Why Were Infrastructure Improvements Not Paid For By The Last Stimulus? [Reader Post]

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President Barack Obama wants to improve infrastructure. His $447 billion “jobs bill” has in it $50 billion for infrastructure repair/improvement, and $10 billion to start a National Infrastructure Bank. So the questions are, Why were infrastructure improvements not paid for by the last stimulus? What happened to the money for infrastructure in his $787 billion stimulus bill? To answer these questions, let’s examine both stimulus bills, stimulus spending, and infrastructure spending.

Stimulus Spending

Obama’s original $787 billion stimulus bill left America’s economy in disarray. Having learned nothing from this failure, Obama recently unveiled another stimulus bill – the American Jobs Act, proposed to cost $447 billion. “Obama spent $787 billion of our money on his first stimulus, and the economy sickened,” says Grover Norquist of Americans for Tax Reform. “Now he is back with another $400 billion in stimulus. Leeches! He gives us more leeches!”

On July 8, 2011, economist Veronique de Rugy, in her excellent article, offered three myths about stimulus spending. She says:

  • Myth 1: Stimulus spending can jump start the economy and fix unemployment
  • Myth 2: Additional infrastructure spending is an effective way to stimulate the economy and create jobs
  • Myth 3: Tax rebates will stimulate the economy

Infrastructure Spending

President Obama, in his “American Jobs Act,”is asking for $50 billion additional infrastructure spending, such as grants and guaranteed loans, investments on highway and rail projects, high-speed rail projects, and Amtrak. But, as economists Veronique de Rugy and Matt Mitchell point out:

  • In 9 out of 10 transportation infrastructure projects, costs are underestimated
  • For rail projects, actual costs are on average 45% higher than estimated costs
  • For fixed-link projects (tunnels and bridges), actual costs are on average 34% higher than estimated costs
  • For road projects, actual costs are on average 20%higher than estimated costs
  • For all project types, actual costs are on average 28% higher than estimated costs
  • These same cost overruns exist in all public work projects

When Democrats passed the $787 billion stimulus bill in February 2009, they promised an historic investment in roads, bridges and rail. Obama’s next stimulus won’t do any better than his last one. Only 3% of his last stimulus went to infrastructure spending because such programs are not politically popular. Once the stimulus money is gone, the jobs are also gone. This “stimulus” calls for 11.2% spending on infrastructure. The original $787 billion “stimulus” called for 6.4% to be spent on infrastructure, but 3% (less than half) was actually spent on infrastructure (see above). And, according to a Washington Times article, infrastructure projects were supposed to be “shovel ready.” But we all know how Barack Obama laughingly dismissed that requirement. Infrastructure spending will not provide much of a stimulus, and it will not provide the jobs promised by Obama.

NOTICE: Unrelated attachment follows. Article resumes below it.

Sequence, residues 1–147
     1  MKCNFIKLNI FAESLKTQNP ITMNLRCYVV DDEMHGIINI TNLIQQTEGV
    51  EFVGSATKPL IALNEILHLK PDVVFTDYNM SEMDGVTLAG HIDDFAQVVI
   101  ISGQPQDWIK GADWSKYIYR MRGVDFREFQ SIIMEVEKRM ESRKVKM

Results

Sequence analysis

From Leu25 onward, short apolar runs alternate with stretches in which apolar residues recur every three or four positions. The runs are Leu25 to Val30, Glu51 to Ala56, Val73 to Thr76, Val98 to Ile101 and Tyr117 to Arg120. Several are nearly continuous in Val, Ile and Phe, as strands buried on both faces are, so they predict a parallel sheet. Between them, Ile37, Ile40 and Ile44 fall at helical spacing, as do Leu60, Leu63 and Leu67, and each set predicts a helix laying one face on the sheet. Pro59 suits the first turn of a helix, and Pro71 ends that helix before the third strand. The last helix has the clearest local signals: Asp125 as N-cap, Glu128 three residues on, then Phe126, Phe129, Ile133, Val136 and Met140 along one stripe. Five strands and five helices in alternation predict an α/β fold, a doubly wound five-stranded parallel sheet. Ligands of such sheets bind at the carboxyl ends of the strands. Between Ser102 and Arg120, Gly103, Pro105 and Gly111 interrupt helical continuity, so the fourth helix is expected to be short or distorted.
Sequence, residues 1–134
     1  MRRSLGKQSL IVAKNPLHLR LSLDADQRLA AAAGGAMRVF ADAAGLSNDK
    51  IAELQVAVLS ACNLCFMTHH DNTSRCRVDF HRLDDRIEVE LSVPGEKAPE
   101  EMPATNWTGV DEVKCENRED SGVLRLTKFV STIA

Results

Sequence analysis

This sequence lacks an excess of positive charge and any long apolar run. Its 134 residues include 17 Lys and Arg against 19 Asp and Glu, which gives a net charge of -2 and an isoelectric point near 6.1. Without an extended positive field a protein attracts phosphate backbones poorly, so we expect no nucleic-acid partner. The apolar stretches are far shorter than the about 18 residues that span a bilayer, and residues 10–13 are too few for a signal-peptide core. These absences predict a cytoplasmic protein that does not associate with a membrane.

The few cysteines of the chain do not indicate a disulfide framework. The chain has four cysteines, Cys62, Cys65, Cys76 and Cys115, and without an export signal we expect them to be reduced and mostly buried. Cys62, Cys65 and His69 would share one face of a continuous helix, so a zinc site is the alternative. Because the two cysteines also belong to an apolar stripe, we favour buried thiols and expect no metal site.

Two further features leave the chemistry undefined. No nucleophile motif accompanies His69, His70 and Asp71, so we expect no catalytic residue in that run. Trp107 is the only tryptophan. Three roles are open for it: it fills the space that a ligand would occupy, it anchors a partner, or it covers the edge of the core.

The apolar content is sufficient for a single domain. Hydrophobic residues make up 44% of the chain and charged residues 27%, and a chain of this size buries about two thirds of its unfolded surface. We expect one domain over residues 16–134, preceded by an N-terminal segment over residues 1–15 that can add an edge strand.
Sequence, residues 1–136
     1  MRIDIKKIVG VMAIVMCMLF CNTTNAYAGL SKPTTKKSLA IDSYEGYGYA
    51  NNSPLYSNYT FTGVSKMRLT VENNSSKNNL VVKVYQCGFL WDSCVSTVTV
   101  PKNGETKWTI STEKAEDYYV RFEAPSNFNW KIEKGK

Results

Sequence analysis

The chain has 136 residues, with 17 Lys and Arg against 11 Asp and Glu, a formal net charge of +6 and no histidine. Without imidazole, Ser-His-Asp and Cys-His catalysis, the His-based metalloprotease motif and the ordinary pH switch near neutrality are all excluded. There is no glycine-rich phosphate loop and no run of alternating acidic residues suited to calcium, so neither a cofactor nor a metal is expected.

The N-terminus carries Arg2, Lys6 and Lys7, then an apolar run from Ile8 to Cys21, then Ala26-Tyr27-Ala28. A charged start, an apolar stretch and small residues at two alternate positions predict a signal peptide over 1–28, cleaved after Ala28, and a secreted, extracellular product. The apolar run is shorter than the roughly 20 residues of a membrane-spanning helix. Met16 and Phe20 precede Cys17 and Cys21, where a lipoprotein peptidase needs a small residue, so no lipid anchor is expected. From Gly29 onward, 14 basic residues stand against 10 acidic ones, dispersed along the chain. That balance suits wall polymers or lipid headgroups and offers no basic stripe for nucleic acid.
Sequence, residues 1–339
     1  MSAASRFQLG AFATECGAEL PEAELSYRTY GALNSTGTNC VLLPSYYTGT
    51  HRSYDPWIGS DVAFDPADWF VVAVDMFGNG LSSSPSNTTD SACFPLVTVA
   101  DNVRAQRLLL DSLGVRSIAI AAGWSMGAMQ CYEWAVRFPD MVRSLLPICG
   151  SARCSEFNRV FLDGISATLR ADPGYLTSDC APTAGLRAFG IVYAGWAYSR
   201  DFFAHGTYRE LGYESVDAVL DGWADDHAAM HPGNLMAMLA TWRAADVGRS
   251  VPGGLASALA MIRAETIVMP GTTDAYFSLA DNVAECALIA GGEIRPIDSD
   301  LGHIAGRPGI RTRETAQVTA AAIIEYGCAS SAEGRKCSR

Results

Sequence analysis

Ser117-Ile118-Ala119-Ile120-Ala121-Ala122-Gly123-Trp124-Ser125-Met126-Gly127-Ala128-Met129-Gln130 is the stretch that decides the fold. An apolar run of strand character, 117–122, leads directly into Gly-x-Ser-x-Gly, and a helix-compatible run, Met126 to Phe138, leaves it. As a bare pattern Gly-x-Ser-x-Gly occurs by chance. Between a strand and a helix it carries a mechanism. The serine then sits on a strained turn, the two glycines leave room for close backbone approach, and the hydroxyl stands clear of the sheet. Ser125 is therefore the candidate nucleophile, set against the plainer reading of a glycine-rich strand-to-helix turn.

The White House said that President Obama, in Ohio on September 22, 2011, would visit the Brent Spence Bridge, described as “functionally obsolete,” in order to highlight the “urgent need” for infrastructure improvements. The 48-year-old bridge is a double-decker inter-state bridge. But there is absolutely nothing wrong with the bridge upon which infrastructure money could be spent. Federal and state officials have been moving ahead with a repair plan for the bridge. But despite the attention given by Obama, the timetable suggests it is not “shovel ready” and won’t spur increased employment right away.

In an article in Investor’s Business Daily, John Merline, on September 15, 2011, cited five myths about infrastructure spending.

  • Infrastructure spending is declining
  • Our infrastructure is falling apart
  • We’re falling behind China
  • More federal money means more jobs
  • The money can be spent fast

Even though Mark Zandi, chief economist of Moody’s Analytics, claims that when the government spends $1 on infrastructure, it yields $1.44 in growth (a 1.44 multiplier), that’s his opinion. Economists are far from a consensus on what the actual return on infrastructure spending is. As economists Eric Leeper, Todd Walker, and Shu-Chum Yang said in a paper for the IMF: “Economists have offered an embarrassingly wide range of estimated multipliers,” from -1 to 3.7.

Further, in the case of rail projects, a study of 208 projects in 14 nations on five continents shows that:

  • 9 out of 10 rail projects overestimate the actual traffic.
  • 84 percent of rail-passenger forecasts are wrong by more than 20 percent.
  • For rail, passenger traffic average 51.4 percent less than estimated traffic.

This means that there is a systematic tendency to overestimate rail revenues. Remember that when the president explains how much demand there is for these new rail projects he wants taxpayers to pay for.

National Infrastructure Bank

A National Infrastructure Bank was proposed in 2007 by Senator Christopher Dodd (D-CT) and former Senator Chuck Hagel (R-NE). According to Senator Dodd, an Infrastructure Bank would fund large-scale projects, with funds going to the most qualified projects, not projects with the most political clout. Every $1 billion spent on highways and transit projects would create about 47,500 jobs.